I’m a quilter/textile artist born and bred in England (UK!) I agree totally with the statement about magazines having “zipper quilts”. I also have cancelled subscriptions in favour of occasional purchases. As for all those beginner classes……!! Thank goodness for the Contemporary Quilt subgroup of the Quilters’ Guild of the British Isles. Their online forum keeps ideas and creative processes bubbling, and their twice-a-year residential weekends offer us learning with tutors from the top of the tree. But there is a danger that the conglomerates will spoil the market, hoisting themselves with their own petards. It will be interesting to watch what happens from behind the piles of my stash!

      • anudge • 8 years ago
        COMMENT #

        I, too, had a love of magazines, but that has changed because of these “zipper quilts” (a perfect name for them) Now I also buy the occasional magazine at the newsstand. I tend to now find a block that interests me and design a quilt of my own from it. Also magazines based their offerings on a certain line, but we never see the line, or very little of it, to use as they show. Wish the manufacturers themselves would see some of that yardage – mind you yardage not kits.

  • Carol Stearnsc • 8 years ago
    COMMENT #12

    Very interesting article!

  • Becky Hanks • 8 years ago
    COMMENT #13

    I totally agree with your assessment of the quilt industry. You say better than I can on what I have been thinking for a long time. The changes are exciting, and as one of the old guard, I am looking forward to a fresh trend. I think there is a “self-design” concept that is building on the previous movers and shakers great work. I am really excited to see the creativity that is beginning to thrive. And I look forward to being a part of it!

  • Gina French • 8 years ago
    COMMENT #14

    I think it’s so sad that the quilting industry is slowing down. I find quilting to be so soothing and yet challenging. I have 2 daughters and neither one has ever shown an interest in quilting. I always imagined quilting would bring us closer. The young generation seems more interested in partying and playing video games. It’s so sad.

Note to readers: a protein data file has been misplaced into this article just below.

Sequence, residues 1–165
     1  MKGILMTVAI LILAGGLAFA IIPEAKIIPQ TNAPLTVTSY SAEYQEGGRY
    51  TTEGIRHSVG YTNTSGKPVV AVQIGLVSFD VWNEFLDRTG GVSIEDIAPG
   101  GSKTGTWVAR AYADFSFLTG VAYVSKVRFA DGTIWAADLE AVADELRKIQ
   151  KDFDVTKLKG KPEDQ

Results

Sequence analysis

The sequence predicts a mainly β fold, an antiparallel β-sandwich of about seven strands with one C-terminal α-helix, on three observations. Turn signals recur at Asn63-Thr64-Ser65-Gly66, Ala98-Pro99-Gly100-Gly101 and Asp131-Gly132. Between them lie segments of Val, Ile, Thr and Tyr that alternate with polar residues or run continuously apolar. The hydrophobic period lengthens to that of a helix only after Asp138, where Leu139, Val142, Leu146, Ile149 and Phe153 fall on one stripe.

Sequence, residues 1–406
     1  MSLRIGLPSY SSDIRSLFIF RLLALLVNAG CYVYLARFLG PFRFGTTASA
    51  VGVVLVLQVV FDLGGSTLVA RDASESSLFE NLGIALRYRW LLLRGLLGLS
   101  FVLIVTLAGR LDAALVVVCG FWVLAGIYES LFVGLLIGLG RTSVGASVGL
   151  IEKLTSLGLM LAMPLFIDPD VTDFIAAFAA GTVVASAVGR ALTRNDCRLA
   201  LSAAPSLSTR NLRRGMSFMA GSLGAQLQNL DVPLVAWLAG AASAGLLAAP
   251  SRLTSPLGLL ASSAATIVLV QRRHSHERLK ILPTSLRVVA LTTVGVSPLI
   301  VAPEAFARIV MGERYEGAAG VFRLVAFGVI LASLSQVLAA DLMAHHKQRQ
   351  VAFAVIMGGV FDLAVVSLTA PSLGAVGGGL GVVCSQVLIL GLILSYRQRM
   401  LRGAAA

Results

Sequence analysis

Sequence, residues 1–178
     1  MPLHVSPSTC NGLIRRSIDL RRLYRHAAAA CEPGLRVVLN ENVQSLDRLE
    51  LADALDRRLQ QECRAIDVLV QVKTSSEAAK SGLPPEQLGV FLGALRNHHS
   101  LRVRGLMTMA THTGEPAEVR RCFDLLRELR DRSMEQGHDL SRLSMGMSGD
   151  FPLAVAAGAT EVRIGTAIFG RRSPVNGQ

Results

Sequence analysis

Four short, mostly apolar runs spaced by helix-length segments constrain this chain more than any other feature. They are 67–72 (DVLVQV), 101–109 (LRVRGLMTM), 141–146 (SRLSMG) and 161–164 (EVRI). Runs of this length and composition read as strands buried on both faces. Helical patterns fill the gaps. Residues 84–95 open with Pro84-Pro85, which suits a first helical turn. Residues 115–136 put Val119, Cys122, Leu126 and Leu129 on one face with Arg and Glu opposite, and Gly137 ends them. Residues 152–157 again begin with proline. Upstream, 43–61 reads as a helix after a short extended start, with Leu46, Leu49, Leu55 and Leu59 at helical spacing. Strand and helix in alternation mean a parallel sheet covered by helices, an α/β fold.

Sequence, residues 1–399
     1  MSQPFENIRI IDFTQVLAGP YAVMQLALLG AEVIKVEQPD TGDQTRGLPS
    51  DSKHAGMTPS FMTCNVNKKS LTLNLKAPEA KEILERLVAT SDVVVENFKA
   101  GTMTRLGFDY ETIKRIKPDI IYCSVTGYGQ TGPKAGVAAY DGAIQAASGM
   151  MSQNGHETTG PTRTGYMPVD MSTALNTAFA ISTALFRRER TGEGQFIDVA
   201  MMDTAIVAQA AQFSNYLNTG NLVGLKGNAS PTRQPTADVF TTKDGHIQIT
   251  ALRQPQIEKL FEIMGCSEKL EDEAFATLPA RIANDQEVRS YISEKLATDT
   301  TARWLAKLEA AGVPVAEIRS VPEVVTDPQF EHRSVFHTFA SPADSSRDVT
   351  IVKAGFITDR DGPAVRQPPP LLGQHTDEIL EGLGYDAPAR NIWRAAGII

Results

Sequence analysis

• karen gonzalez • 8 years ago
      COMMENT #

      You are so right Gina. My friends kids would rather go to a brewery and play video games. They say they don’t have time for that kind of stuff. Sure hope they come around.

    • Cathy • 8 years ago
      COMMENT #

      Hmmmm, I remember watching my grandmother using her leftover fabric (she always made her own clothing and the children’s, my mother and her two brothers) in quilts she made and thinking how old fashioned it was. I remember being a young poor college student forced to make my own clothing and saving my scraps. In 1985 I finally landed a good job with decent pay and I took a look at that box of scraps and decided I’d follow my grandmother’s way and make a quilt, too. I made a few more and suddenly everyone around me was making quilts too. While I took several magazines, I didn’t join the local quilt guild until I retired, 30 years later.
      I do regret that my grandmother never saw my quilts.

  • Pauls Martin • 8 years ago
    COMMENT #15

    I am sorry to see the reductions but wonder if my experience today might be indication of why this might be happening. Today one of my emails had winners from the upcoming Quilt Show in Syracuse, I was so disappointed when I found that most of the winners in the featured link were winners from previous shows. Why would I be tempted to travel across the country to attend a show with the same winners or displays as the previous show in another part of the country?
    Am I alone in this thinking?

    • Alice Means • 8 years ago
      COMMENT #

      I totally agree with your opinion about winners being winners from previous shows. I was shocked when AQS announced they would be allowing winners to enter (and win) all of their shows in a given year!! It would be great to see new quilts winning recent shows!!

    • Rose in VT • 8 years ago
      COMMENT #

      My name showed up on that winners list for Syracuse this year. My first quilt entry for any AQS show was less than one year ago as I didn’t think I was good enough. If you want to see different quilts at these big shows, enter yours. Really, that’s how it happens.
      Also, check out the new rules for the Fall 2017 AQS show, they’re not allowing any quilt that was in the Spring
      Paducah show to be entered in Fall Paducah. Now THAT should be shaking up the industry! Add to that the Fall Paducah awards will not be purchase awards should bring lots of new quilts to shows next year. I’m excited to see what these changes will bring to our industry.

  • Barbara Cannon • 8 years ago
    COMMENT #16

    Well said! I am an aging quilter (62). My daughter and I taught ourselves to quilt when she was in college. We hand pieced our first project. Did not want to buy a machine until we knew if quilting was a keeper. We both come from cross stitching. I’m totally hooked on Judy Neimeyer at the moment. In the beginning I only bought for and did one project at a time. Then fell into having a *stash*. That got ridiculous so whenever there was a disaster from a hurricane I started donating said stash. I gave away to my sisters friend and her daughter who couldn’t afford the good stuff. A lot went to Goodwill, especially nearly all my books when we moved and down sized. I now am back to a small stash (mostly kits) of things I definitely want to make. My one weakness is IQF Houston. So much to do there. UPS counter to ship your things home. ?